Khoresht Gheymeh is a stew prepared using beef and split peas. The entire dish is cooked in a tomato base and generally topped with fried potatoes and dried limes and served with white or aromatic rice. It is particularly common in the month of Muharram (which is considered to be a sacred month in the Iranian almanac). It is then offered to the needy on the streets.
Zereshk Polo is a rice dish generally prepared using saffron, turmeric and barberries, along with a chicken and tomato stew. The barberries that are added are bright red in color and sour in taste, making this dish a perfect blend of taste and aesthetics.
Zereshk Polo, in English, translates to Barberry rice and Morgh simply means chicken which is often added. It is considered to be a fairly simple, regular meal in Iranian households but it is also a staple at many special events such as birthday parties, weddings and even funerals and memorial services.
Fesenjan is a type of Iranian stew prepared using walnuts, pomegranate paste and chicken or duck meat. Other ingredients include turmeric, cinnamon and nutmeg. Fesenjan has an unusual sweet-tangy flavor, and is generally accompanied by rice.
Invented in the Gilan region near the Caspian Sea, this Persian delicacy today can frequently be seen served during winters and at wedding ceremonies throughout the country.
Baghali polo is a rice dish which is prepared using saffron, fava beans and green dill. Generally served with lamb, Baghali polo is considered to be one of the most famous rice dishes in the country.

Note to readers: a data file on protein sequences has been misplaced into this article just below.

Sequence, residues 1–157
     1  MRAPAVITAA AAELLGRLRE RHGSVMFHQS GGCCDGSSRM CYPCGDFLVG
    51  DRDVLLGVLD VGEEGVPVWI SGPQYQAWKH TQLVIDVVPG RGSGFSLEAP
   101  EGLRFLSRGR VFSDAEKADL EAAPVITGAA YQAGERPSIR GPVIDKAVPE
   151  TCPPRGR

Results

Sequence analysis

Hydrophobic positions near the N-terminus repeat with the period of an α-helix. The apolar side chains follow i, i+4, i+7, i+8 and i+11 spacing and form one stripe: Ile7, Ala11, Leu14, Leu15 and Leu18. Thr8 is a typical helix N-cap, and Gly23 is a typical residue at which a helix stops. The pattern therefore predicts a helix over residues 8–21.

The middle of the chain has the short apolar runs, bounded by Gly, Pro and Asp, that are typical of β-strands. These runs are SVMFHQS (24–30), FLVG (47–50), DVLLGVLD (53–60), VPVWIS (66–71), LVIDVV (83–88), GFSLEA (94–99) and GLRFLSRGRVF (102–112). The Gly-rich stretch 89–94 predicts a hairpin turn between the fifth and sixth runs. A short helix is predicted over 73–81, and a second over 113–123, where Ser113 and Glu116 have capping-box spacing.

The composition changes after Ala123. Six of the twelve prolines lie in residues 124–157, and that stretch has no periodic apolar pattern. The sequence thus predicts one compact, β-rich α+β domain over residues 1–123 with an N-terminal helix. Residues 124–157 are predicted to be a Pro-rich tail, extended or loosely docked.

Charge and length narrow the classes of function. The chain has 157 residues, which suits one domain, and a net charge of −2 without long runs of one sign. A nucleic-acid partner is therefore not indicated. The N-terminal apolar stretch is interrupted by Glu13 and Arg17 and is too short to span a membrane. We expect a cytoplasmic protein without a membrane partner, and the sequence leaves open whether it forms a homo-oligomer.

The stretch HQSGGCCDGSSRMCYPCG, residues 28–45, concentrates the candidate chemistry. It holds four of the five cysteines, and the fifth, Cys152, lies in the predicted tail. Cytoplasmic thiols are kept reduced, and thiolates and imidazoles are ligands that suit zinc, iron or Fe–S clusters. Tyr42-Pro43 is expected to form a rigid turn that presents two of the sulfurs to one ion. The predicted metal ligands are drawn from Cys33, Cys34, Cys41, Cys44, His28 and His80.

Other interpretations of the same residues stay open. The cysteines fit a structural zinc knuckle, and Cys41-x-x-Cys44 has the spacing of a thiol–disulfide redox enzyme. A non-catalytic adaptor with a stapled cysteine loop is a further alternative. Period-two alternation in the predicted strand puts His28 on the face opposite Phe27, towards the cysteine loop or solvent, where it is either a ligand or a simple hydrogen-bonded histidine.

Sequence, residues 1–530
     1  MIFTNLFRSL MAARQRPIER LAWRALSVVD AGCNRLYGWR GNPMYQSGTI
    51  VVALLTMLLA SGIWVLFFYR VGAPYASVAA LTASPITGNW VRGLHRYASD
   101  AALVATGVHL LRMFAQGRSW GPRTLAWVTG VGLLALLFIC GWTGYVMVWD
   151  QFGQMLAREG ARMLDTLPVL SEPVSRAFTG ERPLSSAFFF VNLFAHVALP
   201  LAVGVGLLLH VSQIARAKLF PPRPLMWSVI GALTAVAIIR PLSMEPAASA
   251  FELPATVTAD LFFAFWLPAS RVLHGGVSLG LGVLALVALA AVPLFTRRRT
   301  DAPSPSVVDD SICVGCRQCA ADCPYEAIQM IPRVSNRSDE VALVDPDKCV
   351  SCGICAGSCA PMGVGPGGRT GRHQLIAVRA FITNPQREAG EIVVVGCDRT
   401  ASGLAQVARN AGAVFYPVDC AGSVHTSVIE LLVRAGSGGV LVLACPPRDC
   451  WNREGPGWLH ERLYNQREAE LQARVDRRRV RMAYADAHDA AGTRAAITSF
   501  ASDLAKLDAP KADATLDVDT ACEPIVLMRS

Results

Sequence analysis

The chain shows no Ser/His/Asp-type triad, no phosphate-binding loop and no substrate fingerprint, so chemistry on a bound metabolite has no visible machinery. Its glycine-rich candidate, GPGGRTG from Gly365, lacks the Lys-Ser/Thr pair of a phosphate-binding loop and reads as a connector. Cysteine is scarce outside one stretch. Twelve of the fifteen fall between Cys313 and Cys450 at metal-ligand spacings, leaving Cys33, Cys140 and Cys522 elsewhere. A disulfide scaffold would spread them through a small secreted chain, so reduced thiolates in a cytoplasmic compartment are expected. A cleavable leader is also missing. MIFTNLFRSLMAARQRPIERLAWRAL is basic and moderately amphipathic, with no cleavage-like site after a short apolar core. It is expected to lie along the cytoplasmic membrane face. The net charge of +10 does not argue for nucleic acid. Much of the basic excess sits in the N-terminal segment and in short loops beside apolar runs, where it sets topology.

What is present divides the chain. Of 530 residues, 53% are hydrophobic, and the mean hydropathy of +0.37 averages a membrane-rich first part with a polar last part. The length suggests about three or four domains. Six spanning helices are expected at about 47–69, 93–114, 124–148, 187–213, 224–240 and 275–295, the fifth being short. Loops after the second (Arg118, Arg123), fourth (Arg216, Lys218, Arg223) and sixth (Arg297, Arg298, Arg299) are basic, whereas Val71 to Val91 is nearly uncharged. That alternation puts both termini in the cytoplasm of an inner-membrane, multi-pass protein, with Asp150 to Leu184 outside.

Baghali in English translates to fava bean and polo means pilaf (a style of cooked rice). Often served as a main dish, Baghali polo is enjoyed most in Iran during spring time.
Tahdig is a rice dish prepared using basmati rice, ghee or oil, and salt. One can also add turmeric and saffron for a pleasant color and for additional flavor.
The meaning of the word tahdig is bottom of the pot, which denotes the golden, crunchy layer of rice present at the bottom of the cooking pot. Generally served as a side dish, Tahdig has also has different varieties which include lavash bread, sliced potatoes or yogurt on the bottom of the pot.
Faloodehis a popular Iranian dessert that is prepared using thin vermicelli noodles which are combined with semi frozen rose water and sugar syrup.
It is believed that faloodeh was invented in Shiraz and is considered to be one of the primary sorbet varieties in the world. Generally served with fresh lime juice sprinkled on top, chopped pistachios or sweet cherry syrup, this dessert is enjoyed as a freshening summer dessert.
Gondi is a stew consisting of dumplings made from chicken and chickpeas which are served in chicken broth or soup. To make the dumplings, chickpea flour or ground chickpeas, ground chicken, onions and spices are mixed into a dough. The dough is allowed to rest while the broth is prepared. The dough is divided and rolled into golf ball sized rounds which are cooked in the broth for several minutes.
Gondi originated from the Iranian Jewish community where it is still significant today and is a staple of Shabbat dinners.
Tulumba, also known as Pomba, Bamiyeh or Balaḥ ash-Shām, is a deep-fried dessert.
It prepared using an unleavened dough lump, which is shaped as a small ovoid and includes ridges lengthways. It is shaped with the help of a pastry bag or cookie press, which has a fitting end part.
Tulumba is initially deep-fried to give this dessert a golden colour, and then sugar-sweet syrup is added on top while it’s still hot.